Twice as Nice for Two Tenure-Track Alumni
Alumni Paul Fess and Krystyna Michael and their son, Andrzej.
For Krystyna Michael (Ph.D. ’19, Comparative Literature) and Paul Fess (Ph.D. ’18, English) things have been happening in twos. They met and fell in love while pursuing their Ph.D.’s at The Graduate Center, bonding over common interests, such as 19th-century American literature and multimedia-based learning. At the time, Michael was an instructional technology fellow at the School of Professional Studies. Fess was a graduate teaching fellow at Hunter College and had designed an online course at the School of Professional Studies that Michael helped build out.
Now, they are both assistant professors of English at CUNY — she at Hostos Community College, he at LaGuardia Community College.
Michael spoke first to The Graduate Center about the experiences that helped her on her path to Hostos. (Fess also spoke to us in a separate interview.)
The Graduate Center: What do you think helped you stand out?
Michael: One thing that helped me stand out is that I had a background in open digital pedagogy from the instructional technology fellowship I held at the School of Professional Studies [SPS] and from serving as open educational technologist at The Graduate Center [GC]. CUNY has all these opportunities for graduate students to get teaching-adjacent experiences, such as faculty development and curriculum development, which gave me new, different perspectives on the classroom.
I also think it's important to try to make sure that you get broad teaching experience, so you're not just teaching one class for the entire time that you're in graduate school. I tried to teach a bunch of different types of classes at different institutions. I taught at Queens and Baruch. I also taught online at SPS. Then I taught at NYU’s Gallatin School, where I also tutored Opportunity Program students who were the first in their families to go to college and advised students on developing their course of study in Gallatin’s student-directed program.
GC: Explain what you mean by teaching-adjacent experiences.
Michael: When you're teaching a class, you design your materials, you write an assignment, you encourage your students to come to office hours, but it’s difficult to get a real sense of how your students experience your methods. If you have the opportunity to work in faculty development, you're helping other faculty develop their materials and finding out how they work in a different context from your own class.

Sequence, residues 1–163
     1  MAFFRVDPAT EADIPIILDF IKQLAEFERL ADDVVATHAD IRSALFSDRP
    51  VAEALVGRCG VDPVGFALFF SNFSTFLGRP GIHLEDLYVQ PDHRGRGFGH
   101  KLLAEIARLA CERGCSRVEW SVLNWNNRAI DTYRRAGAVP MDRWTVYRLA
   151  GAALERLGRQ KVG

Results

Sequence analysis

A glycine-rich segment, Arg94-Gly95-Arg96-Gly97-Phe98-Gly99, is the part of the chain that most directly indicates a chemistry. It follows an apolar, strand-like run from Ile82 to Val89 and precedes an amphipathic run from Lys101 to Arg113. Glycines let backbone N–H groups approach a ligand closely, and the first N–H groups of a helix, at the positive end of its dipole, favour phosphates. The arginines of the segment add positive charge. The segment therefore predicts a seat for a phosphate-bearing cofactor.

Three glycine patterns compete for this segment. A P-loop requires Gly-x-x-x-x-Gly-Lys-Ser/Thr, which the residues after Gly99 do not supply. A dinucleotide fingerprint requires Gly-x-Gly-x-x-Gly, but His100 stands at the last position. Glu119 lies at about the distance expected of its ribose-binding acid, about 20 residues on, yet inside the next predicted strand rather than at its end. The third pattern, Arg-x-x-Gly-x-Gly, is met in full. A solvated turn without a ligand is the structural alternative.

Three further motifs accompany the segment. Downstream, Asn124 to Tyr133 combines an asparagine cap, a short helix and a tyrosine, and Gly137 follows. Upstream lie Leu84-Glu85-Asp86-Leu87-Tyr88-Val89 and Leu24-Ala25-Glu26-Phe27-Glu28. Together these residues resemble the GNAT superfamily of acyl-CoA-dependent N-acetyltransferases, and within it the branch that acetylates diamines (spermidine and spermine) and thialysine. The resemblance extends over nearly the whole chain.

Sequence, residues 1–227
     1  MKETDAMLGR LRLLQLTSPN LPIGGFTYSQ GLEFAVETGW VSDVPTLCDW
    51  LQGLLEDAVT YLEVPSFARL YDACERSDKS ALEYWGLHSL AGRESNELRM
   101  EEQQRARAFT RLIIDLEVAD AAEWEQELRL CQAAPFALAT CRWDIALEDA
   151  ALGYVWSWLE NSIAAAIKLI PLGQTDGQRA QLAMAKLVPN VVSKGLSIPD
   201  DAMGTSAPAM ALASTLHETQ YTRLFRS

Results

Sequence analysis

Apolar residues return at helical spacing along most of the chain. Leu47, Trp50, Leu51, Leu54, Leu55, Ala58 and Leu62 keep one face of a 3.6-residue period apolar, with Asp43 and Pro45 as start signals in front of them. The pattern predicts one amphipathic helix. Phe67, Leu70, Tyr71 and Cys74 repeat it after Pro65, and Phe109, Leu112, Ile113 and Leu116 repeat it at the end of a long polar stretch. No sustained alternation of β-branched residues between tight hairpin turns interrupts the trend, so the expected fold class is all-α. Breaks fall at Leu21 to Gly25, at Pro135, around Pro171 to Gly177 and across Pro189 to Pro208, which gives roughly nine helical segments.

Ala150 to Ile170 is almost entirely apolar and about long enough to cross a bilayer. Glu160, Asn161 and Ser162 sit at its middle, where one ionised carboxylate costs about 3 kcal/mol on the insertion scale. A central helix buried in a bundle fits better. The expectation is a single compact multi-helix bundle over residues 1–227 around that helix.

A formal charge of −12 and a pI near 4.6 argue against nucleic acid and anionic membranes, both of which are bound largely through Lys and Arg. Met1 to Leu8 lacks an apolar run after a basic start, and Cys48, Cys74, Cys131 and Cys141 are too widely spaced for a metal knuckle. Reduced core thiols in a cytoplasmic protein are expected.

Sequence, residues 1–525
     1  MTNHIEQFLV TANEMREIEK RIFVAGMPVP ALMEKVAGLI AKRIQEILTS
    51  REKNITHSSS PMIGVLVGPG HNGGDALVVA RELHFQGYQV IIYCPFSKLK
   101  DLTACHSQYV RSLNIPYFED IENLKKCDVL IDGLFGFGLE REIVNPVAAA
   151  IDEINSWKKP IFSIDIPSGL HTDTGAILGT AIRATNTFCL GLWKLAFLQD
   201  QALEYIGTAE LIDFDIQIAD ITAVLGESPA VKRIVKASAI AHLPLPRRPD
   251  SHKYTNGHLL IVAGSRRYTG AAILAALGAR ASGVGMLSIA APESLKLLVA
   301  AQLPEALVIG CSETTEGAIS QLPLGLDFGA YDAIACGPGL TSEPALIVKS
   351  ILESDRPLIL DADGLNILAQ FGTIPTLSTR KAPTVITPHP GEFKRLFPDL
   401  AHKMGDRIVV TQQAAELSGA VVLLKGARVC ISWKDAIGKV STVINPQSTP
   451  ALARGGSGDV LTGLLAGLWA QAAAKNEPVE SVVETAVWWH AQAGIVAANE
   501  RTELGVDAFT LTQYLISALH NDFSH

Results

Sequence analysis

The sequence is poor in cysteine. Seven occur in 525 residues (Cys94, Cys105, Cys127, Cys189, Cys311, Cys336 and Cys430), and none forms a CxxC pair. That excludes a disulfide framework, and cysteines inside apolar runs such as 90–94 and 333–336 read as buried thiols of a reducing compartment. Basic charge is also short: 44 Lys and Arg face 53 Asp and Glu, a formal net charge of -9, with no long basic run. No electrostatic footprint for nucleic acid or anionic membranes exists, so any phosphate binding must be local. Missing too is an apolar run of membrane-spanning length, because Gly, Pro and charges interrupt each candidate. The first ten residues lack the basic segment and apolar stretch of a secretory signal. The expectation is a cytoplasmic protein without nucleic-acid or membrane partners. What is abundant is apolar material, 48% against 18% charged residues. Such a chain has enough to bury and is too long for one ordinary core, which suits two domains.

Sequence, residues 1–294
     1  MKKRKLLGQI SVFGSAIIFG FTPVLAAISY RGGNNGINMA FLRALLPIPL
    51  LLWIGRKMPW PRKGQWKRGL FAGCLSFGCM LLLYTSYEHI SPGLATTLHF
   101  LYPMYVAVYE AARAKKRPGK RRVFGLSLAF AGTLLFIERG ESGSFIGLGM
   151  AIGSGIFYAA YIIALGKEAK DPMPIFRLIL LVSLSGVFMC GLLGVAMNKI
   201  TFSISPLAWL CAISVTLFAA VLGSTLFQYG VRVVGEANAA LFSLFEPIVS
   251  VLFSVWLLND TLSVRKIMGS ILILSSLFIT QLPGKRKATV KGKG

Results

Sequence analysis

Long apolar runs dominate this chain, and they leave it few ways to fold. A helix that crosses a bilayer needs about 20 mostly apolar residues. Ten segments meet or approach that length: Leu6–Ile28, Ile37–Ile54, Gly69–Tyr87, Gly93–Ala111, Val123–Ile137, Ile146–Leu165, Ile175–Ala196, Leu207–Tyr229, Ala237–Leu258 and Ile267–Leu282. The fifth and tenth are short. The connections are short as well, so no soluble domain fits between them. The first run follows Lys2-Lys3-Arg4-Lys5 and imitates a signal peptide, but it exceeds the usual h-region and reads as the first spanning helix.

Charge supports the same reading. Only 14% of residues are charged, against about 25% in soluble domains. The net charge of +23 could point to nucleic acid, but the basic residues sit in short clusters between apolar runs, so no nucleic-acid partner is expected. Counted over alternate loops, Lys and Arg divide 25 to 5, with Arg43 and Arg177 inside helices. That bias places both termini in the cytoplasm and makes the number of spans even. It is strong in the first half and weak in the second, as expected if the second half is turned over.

As an instructional technology fellow at SPS, I was designing and running workshops for faculty about ways to use technology in their online classes; 80% of SPS classes are online. I also got a lot of experience with accessibility. We designed an online accessibility workshop that is in now use across CUNY. Then as an open educational technologist at the GC, I helped develop tools that make it easier for faculty to use technology to make connections beyond the walls of the classroom with the broader institution and the city beyond that.
As a tutor at NYU, I got a perspective on how first-generation college students were experiencing their assignments and classes. For instance, in the classroom when I first started writing essay prompts, I would include a bunch of questions with the implication that students should answer the ones what they found compelling. I found from tutoring Opportunity Program students that they found that method really confusing. It was nice to be able to get that kind of perspective on what's going on in the classroom outside of the power dynamic of the teacher-student relationship.
GC: What are your hopes for your new position? What do you want to accomplish?
Michael: I'm really excited about working with the Hostos student body. I love that I'm back at CUNY. I love the way CUNY straddles research, especially at The Graduate Center, but then also has this mission to help underserved populations in the community colleges. I'm excited about honing my classroom activities and assignments and working on that with students in the classroom.
GC: What advice do you have for current students who are looking for tenure track positions, or what do you wish that you had known at the beginning of your job search?
Michael: It's still hard to give advice. The most important thing is that you have time to finish your dissertation. At the same time, you want to be a well-rounded candidate because each hiring committee is particular about what they're looking for. If you have done many different types of things, there's more of a chance that one of them will speak to the position that you're applying to.
Submitted on: OCT 8, 2019
Category: Alumni News | Faculty | General GC News | New Appointments to the GC | Student News